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News and Announcements: Calls for Papers

CfP: Error in the Age of Thomas Browne

Tuesday, January 22, 2019   (0 Comments)

In 1646, the polymath and physician Thomas Browne published his great work on error: Pseudodoxia Epidemica. He sought to correct popular misconceptions, such as that beavers bite off their own testicles when fleeing attack (III.IV). Browne was following a new European movement of error correction, including Laurent Joubert’s Erreurs populaires (1578); Girolamo Mercurii’s De gli errori popolari d’Italia (1603, 1645, 1658); and James Primrose’s De Vulgi in Medicina Erroribus (1639, 1651). Writers gave unprecedented attention to ‘error’ in all categories of thought, from medicine and superstition, to the natural world and astronomy.

At the same time, new technology provided unimagined opportunity for the correction of faulty belief. Natural philosophers peered through the microscope discovering the intricate details of a flea, and through telescopes they saw the moons of Jupiter and Saturn’s rings. What happened to error in the age of science, where accuracy, standardisation, and rectitude became increasingly prized? Was there a relation between the growing demand for accurate information and the creeping standardisation of printed texts? How did the status of error differ across intellectual contexts?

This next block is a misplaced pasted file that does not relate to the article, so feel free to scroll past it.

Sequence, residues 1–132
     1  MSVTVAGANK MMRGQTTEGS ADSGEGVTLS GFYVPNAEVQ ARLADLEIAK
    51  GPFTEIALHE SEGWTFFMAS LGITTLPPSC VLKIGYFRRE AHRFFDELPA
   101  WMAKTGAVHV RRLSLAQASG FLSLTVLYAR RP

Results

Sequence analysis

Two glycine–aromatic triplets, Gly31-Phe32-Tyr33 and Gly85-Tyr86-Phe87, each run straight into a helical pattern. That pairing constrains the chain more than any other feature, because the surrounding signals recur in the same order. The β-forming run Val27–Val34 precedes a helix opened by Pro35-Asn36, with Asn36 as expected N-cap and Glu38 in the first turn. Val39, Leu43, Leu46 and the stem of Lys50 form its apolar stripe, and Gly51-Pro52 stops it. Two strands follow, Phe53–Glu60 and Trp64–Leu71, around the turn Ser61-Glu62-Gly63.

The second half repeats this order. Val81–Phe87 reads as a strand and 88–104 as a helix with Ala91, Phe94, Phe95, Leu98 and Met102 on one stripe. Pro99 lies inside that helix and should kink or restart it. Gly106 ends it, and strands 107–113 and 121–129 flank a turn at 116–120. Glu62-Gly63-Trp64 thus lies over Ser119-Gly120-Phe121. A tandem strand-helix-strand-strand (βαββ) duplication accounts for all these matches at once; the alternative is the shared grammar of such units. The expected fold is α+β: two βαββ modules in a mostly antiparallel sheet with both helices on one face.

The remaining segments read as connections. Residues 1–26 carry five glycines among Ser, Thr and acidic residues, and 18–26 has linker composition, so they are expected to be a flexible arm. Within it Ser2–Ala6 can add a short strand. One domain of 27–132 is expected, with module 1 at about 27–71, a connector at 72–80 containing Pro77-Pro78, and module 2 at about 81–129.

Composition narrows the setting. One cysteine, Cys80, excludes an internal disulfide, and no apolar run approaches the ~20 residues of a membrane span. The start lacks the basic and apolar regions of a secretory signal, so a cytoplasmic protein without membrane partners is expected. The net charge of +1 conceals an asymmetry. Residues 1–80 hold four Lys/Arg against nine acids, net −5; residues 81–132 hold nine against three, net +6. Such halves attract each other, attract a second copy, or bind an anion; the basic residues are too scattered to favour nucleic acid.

Proposals for 20-minute papers are welcome on any aspect of error, in Anglophone or non-Anglophone cultures, from all disciplines. Topics may include but are not limited to:

  • Miscalculations
  • Faulty images
  • Error defined by errare, as wandering
  • Correction and its failures
  • Error and the material book
  • Humanist and religious conceptions of error
  • Technology and experimentation

Please email a 250-word abstract and short biography to Dr Alice Leonard at

Deadline: 20th February 2019

PhD students and those from minority backgrounds are especially encouraged to apply. Small bursaries will be available to help with travel and caring costs; please request one when submitting your abstract. The conference will be held at the Institute of Advanced Study, University of Warwick, on 7th June 2019.

For more information, see here:

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